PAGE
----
"Private sector jobs will rise by two times to 3.1 million. Exports from the four sectors will grow five times from levels today,” he noted.

Saudi Arabia, the biggest Arab economy, is undertaking a slew of measures to help boost the contribution of the non-oil sector to the economy under Vision 2030, the overarching road map for the kingdom’s overhaul.

Under Vision 2030, the private sector’s contribution to the economy is set to increase to 65 per cent by 2030 from the current 40 per cent of gross domestic product.

The kingdom will sign agreements worth 235bn riyals on the side-lines of the conference that include big deals to create military industries, Energy Minister Khalid Al Falih earlier told Al Arabiya TV channel.

"To the extent these are export-oriented projects, they should reduce the dependence of the economy on government spending and hence on oil revenues," said Robin Mills, chief executive of Qamar Energy.

The kingdom will provide a total of 105bn riyals in an "financial enablement" package, and be the main financier for NIDLP sectors of mining, industry, logistics and energy, according to a brochure distributed at the conference. It didn't specify the timeframe for dispensing the funding.

In addition, the Saudi Industrial Development Fund will provide up to 75 per cent of the capital invested in the NIDLP projects.

Of the deals offered to private investors, 29 are in the industrial sector and the rest divided among mining, logistics and energy.

In the industrial sector, NIDLP expects to attract $300bn of investments, including a 4.4bn riyals adhesive plant.

Among the mining projects on offer is a 28bn riyals integrated steel plant. The kingdom has so far invested $40bn in mining over recent years in partnership with the private sector, allowing the industry to contribute $17bn to the Saudi economy.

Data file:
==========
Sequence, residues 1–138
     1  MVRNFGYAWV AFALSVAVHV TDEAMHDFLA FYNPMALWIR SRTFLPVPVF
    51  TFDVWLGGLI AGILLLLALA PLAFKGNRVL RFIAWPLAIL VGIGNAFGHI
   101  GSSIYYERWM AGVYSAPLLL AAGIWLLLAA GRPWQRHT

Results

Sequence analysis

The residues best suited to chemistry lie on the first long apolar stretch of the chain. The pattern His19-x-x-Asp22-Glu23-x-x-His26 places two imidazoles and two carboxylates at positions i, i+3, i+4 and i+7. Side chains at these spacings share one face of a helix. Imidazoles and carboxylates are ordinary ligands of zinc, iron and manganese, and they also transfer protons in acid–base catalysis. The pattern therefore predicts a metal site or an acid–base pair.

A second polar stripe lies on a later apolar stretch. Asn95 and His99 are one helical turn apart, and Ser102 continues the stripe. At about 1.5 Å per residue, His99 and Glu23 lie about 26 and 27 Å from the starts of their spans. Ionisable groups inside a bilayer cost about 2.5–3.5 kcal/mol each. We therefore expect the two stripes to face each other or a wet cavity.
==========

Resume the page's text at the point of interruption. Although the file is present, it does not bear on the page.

In the logistics sector, the kingdom aims to develop and operate logistics zones close to major ports with investment opportunities worth 7bn riyals.

Under NIDLP, the energy sector will see 60 gigawatts of capacity to come online by 2030 by executing 35 renewable projects. The projects on offer include a 3.5bn riyals solar cells and modules plant and a 2.5bn riyals gas turbine manufacturing plant.

Saudi Arabia wants to expand some of the country’s ports and airports and plans to involve the private sector in a few of its projects, Rumaih Al Rumaih, chairman of the Public Transport Authority said at the conference.

The authority is spending 74bn riyals on rail projects, he said. It is also expanding some of its ports, including King Abdullah Port, Jeddah and Dammam by investing 10bn riyals. There are five airports that are being expanded or being built with as much as 3bn riyals in investment.

“We have 12 logistics zones in the kingdom and we are planning to float some opportunities for the private sector,” Mr Al Rumaih said. “We are enhancing capacity to be more efficient for the private sector to grow exports from the country.”